At a Zen center I once attended, students who had been around a while would be called upon to give a talk on a public meeting night -- a Thursday, if I recall. This was the night on which visitors sniffing the edges of Zen practice were invited to visit and give things a try.
I was at a point in my practice where I felt honored and delighted to give such a talk. For one thing, it made me feel noticed and appreciated and for another it fed into what seemed to be an innate desire to be a ham.
But whatever 'positive' feelings I might have had, there was inevitably a sense of anticipation and dread as the time approached when I would sit in front of the meditation hall and say something 'important,' when I might (or -- oh my God! -- might not) wow others as I myself had been wowed in the past. I seemed to be in what I now think of as a natural phase of spiritual practice -- one in which I would have the snappy robes and I would inspire recognition and devotion and I would ... dwell among the anointed, I guess. I wanted to be a teacher and to be acclaimed as such. I wanted to hang out with the big boys.
And within this often sub-rosa longing, there was a feeling that you had to learn how to please others -- be as pleasing as you had been pleased. When talk-night came, I wanted to be pleasing ... pure and true and ... pleasing. You know -- the kind of stuff where someone talks about compassion as if it were some elevated, oozy-goozy altruism or about emptiness/satori/nirvana as if it were some clarity that existed at the end of a mythical rainbow ... together with the leprechaun's pot of gold.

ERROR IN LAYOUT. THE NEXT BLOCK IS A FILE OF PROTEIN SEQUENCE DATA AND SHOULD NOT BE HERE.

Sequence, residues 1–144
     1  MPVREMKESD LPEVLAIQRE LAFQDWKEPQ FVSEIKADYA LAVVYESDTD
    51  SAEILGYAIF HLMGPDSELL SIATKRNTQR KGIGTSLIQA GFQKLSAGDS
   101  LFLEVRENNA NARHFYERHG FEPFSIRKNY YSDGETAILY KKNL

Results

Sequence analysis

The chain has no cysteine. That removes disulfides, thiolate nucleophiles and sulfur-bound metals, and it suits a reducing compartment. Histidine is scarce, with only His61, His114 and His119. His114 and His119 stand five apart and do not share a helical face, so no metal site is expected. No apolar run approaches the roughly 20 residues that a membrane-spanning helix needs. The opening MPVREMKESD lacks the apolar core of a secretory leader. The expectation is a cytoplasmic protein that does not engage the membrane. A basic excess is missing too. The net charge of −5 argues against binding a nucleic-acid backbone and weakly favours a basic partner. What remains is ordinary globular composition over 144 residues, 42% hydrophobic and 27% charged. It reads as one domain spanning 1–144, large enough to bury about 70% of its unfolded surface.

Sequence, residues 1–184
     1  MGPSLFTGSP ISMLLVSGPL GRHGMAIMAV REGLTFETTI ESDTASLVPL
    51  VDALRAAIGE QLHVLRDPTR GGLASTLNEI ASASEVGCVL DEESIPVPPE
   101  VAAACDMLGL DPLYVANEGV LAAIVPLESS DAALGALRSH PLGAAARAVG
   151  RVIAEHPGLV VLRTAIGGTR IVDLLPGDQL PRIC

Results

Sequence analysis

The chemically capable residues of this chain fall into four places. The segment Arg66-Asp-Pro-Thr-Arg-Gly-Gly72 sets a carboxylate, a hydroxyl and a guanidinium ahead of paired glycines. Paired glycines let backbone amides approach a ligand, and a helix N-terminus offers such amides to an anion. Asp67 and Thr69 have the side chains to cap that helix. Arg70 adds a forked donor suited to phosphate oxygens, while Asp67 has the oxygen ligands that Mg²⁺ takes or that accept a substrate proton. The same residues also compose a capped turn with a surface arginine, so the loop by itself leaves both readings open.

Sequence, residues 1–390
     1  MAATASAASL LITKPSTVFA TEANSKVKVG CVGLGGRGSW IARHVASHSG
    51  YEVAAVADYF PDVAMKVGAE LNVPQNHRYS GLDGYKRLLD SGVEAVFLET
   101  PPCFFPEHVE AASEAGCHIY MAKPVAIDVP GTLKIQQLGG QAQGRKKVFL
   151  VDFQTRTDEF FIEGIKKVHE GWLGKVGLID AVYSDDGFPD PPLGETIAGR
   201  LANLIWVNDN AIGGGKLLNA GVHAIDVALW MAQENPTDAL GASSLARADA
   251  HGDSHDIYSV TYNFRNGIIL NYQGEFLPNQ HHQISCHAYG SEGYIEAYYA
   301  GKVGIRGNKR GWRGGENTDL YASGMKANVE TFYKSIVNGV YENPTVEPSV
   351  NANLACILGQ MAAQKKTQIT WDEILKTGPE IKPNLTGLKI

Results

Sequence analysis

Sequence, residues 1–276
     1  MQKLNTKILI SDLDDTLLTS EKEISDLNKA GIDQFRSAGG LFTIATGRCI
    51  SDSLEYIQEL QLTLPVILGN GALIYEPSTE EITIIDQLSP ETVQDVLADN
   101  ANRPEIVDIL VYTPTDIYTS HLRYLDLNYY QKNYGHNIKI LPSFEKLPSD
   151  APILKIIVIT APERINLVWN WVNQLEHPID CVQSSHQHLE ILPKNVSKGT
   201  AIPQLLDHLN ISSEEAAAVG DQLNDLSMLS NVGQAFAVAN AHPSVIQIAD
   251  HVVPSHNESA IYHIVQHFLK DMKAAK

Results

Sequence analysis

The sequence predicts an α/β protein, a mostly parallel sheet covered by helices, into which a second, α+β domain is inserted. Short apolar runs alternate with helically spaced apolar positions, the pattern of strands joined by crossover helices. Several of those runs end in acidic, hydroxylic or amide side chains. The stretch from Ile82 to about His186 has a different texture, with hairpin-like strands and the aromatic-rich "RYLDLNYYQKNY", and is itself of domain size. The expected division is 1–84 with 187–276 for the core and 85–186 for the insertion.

An indicator of my state of mind and state of practice was the sense of disappointment I invariably felt after giving my own version of a Thursday-night talk. "I should have said this" or "I shouldn't have said that" whizzed through my mind after the fact, stinging like a swarm of bees.
I wanted to be pleasing and, post mortem, I had failed. I knew I had failed because no one came up and patted me on the back as I subconsciously wished they would. There was no applause. There was no offer of a corner office in the corporate, climb-the-ladder structure I imagined Zen practice to be. No one crowned me king ... or even prince. I saw other kings and queens and princes in the realm and ... how come no one crowned me?
As I say, I now think this is something every student goes through, one way or another. Maybe they aren't as insecure as I was, but still.... And I suppose it should be mentioned that there are those who never leave the pick-me realm of spiritual life and it is possible to make a life-long corporate venture out of it. What a pity.
This morning I was thinking of the be-pleasing aspect of spiritual life. Of course it's nice to be nice and kindness is better than cruelty, but contrived niceness and contrived kindness is just a starting point, a way of trying to revise habits that have proved useless and painful in the past. Sure, take the precepts and do your best. It's a start.
But today it seems to me that the object of spiritual adventure is not to please or be pleasing to others. The object of spiritual life is to take pleasure in all things. Enjoy yourself. No need to harm others. Just enjoy yourself.
I realize that it's a sticky wicket in the sense that plenty of egotistical assholes seem to enjoy themselves immensely. But they are enjoying themselves at the expense of others. They rely on those others for their enjoyment and their enjoyment, therefore, falls short. How can you possibly rely on anything and fulfill the requirements of enjoyment?
As the Zen teacher Rinzai once said to his monks by way of encouragement, "Your whole problem is that you do not trust yourselves enough."
Of course there may be some question as to what self anyone might actually trust, but, hell, that's why there's practice.
Never mind being pleasing. Just take pleasure in all things.